The article Harvey Klehr refers to, “The Myth of ‘Premature Antifascism,'” which he wrote with John Earl Haynes and published in The New Criterion in 2002, contains significant omissions and a puzzling disregard for testimony not to the authors’ liking. In it, they describe their exhaustive search for documentation that a US government agency employed the term “premature antifascist” toward the Lincoln Brigade veterans. They fail to mention a speech Congressman John Coffee of Washington gave January 2, 1945, in Madison Square Garden, which was entered into the Congressional Record. “There is, of course, no honor high enough for those few thousand gallant American men and boys,” Coffee said about the Lincoln veterans. “They call them premature antifascists in some nasty Washington circles today.” Furthermore, Klehr and Haynes’s search took place in the 1990s, yet nowhere do they mention the salient fact that a fire at the National Personnel Records Center outside St. Louis in 1973 destroyed some 16 million to 18 million military personnel records, among them an estimated 80 percent of the files of World War II Army veterans. More troubling, Klehr and Haynes dismiss as irrelevant the testimony of Lincoln veterans like Leslie Kish, who detailed the following in John Gerassi’s marvelous oral history, The Premature Antifascists: “I was in Washington when the Second World War started and in July of 1942 went into the army. But then the harassment did start…. I was grilled and grilled. Boy was I grilled! I remember in my first session there were two guys in civilian clothes and two military guys who started asking me all sorts of incredible questions. This was the first time I heard the expression ‘premature antifascists.’ That’s what they called me.”
In his letter, Klehr writes that the vets “sardonically appropriated” the term, a point no one disputes. (Gerassi, whose father was a Republican general, makes that clear with his title.) Klehr doesn’t mention here, however, the claim he and Haynes made in The New Criterion that “there are indications that it was Communists and the veterans themselves who first employed the term.” What are the “indications” for their claim? One is, apparently, an anonymous response to a query for documents the two posted on a history discussion listserv. “You will never [their italics] find the term in official records,” the unidentified responder stated, “because it was used by people who opposed Hitler ‘too early’ as in the Spanish Civil War as a self-deprecating term for their own ability to see ahead and the U.S. Govt’s inability to see what Hitler was planning.” Case closed.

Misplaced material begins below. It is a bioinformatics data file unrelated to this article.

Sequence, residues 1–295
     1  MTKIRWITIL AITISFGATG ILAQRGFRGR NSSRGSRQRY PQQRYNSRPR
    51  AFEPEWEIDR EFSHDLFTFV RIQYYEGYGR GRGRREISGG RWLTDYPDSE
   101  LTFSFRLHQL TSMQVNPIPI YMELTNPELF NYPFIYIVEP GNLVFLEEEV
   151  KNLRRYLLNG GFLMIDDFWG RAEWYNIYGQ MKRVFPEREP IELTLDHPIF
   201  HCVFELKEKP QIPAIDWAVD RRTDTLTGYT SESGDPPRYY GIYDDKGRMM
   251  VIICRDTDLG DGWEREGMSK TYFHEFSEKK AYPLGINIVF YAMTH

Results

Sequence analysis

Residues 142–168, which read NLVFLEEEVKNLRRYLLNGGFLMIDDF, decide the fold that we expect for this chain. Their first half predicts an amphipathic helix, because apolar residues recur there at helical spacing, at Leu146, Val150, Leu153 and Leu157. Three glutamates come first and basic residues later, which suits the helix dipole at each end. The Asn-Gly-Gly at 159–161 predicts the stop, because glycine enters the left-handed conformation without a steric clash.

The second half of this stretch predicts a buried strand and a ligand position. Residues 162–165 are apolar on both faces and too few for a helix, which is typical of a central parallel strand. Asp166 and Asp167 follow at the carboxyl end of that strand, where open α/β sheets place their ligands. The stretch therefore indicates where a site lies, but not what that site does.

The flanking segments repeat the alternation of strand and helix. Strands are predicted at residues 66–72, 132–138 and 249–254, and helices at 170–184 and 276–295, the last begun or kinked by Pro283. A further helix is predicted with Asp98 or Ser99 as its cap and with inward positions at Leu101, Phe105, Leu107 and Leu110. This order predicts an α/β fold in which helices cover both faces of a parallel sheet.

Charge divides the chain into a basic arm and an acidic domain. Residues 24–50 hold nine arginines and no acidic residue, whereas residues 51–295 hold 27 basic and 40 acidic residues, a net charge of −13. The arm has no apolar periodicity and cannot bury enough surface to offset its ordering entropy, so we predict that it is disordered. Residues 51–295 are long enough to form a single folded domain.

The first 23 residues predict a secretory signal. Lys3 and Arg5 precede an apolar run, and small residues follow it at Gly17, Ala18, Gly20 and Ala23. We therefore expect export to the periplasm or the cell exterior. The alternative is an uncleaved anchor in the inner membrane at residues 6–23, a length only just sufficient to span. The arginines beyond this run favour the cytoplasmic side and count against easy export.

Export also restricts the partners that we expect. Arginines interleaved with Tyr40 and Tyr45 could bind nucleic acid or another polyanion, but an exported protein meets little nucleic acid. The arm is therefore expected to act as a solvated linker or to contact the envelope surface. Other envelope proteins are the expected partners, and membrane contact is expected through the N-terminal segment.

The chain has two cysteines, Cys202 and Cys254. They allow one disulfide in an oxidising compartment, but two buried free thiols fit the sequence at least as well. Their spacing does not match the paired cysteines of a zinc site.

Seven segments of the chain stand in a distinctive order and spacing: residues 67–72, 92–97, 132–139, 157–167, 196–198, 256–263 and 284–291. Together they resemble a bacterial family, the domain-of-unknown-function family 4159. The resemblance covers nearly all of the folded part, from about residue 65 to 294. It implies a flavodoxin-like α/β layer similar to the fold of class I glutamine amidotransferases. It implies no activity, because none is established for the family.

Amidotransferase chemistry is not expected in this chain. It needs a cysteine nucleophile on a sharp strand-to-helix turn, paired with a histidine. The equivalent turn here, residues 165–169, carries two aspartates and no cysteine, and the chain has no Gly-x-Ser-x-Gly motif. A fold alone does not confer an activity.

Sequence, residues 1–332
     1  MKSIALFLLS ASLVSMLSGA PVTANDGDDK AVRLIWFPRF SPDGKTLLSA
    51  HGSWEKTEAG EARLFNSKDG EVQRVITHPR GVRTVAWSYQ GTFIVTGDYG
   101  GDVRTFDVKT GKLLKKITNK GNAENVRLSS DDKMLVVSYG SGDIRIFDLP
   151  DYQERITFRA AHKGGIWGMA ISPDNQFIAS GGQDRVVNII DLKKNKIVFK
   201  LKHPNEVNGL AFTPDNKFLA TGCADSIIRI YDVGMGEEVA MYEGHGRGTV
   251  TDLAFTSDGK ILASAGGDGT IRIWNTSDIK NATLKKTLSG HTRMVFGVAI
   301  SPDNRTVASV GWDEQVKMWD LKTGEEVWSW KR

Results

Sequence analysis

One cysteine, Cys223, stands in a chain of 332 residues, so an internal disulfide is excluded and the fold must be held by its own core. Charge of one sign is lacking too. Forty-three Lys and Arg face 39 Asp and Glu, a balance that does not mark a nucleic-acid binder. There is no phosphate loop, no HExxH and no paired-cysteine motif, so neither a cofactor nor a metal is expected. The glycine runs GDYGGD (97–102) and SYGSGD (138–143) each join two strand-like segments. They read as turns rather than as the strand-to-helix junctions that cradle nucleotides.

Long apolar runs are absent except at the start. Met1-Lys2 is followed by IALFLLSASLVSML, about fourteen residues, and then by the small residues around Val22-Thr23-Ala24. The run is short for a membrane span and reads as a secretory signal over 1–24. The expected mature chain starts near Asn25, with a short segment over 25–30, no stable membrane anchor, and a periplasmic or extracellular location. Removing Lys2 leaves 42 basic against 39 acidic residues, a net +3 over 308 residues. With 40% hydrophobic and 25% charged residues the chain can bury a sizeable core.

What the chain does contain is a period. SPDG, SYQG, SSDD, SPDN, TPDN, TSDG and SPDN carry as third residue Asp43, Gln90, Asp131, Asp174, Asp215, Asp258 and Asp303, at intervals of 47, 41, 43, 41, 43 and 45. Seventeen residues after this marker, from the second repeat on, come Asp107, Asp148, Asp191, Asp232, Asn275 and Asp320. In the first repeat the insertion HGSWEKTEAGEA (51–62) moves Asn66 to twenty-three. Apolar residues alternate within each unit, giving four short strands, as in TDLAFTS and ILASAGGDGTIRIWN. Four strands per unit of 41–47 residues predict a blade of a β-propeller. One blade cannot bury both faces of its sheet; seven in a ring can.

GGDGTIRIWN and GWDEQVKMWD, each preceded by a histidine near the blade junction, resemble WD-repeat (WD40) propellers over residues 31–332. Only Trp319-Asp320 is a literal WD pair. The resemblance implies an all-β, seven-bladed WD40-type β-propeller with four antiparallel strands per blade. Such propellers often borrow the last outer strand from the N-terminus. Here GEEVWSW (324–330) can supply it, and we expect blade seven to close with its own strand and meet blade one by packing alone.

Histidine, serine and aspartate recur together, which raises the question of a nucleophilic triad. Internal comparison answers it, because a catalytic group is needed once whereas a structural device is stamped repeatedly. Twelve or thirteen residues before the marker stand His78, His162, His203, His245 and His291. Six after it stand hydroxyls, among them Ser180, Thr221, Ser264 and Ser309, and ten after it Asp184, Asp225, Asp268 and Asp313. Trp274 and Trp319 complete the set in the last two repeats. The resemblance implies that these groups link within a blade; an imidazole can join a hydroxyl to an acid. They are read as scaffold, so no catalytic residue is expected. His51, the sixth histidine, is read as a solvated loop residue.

What’s obscured by Klehr’s narrow focus on an epithet’s provenance is the discrimination and harassment perpetrated by the military and the FBI against the vets after they came back from Spain. John Hovan, a gentle 93-year-old truck driver with the Lincoln Brigade whose house was firebombed and painted with swastikas after he pleaded the Fifth before the House Un-American Activities Committee, told me recently what happened while he was working as a shoe repairman at the Quonset Point Naval Air Station in Rhode Island, in 1946. “I worked there as a civilian, and one day this ship’s service officer came to me and said he had to tell me something,” Hovan, who received an honorable discharge from the Navy after three and a half years of wartime service, recalled. “He hemmed and hawed and then said, ‘Well, I’m mixed up, but I’ll see you tomorrow.’ So the next day he finally said, ‘Look, I’ve gotten orders to fire you, to let you go, and I can’t get any answers why.'”
After his firing, Hovan found work in a textile mill and then a chemical plant. But for years he and his wife were harassed by the FBI. “They came to the house all the time,” he told me. “I remember they came, too, when I was working at the textile mill. They were waiting for me out at the parking lot, trying to get me to talk.”
Food for Thought
No sooner had our special issue “Food for All” [Sept. 21] gone to press than we heard from Food for All, a foundation whose program is run in more than 6,000 grocery stores. Millions of Americans support Food for All with contributions at the checkout counter of their supermarket.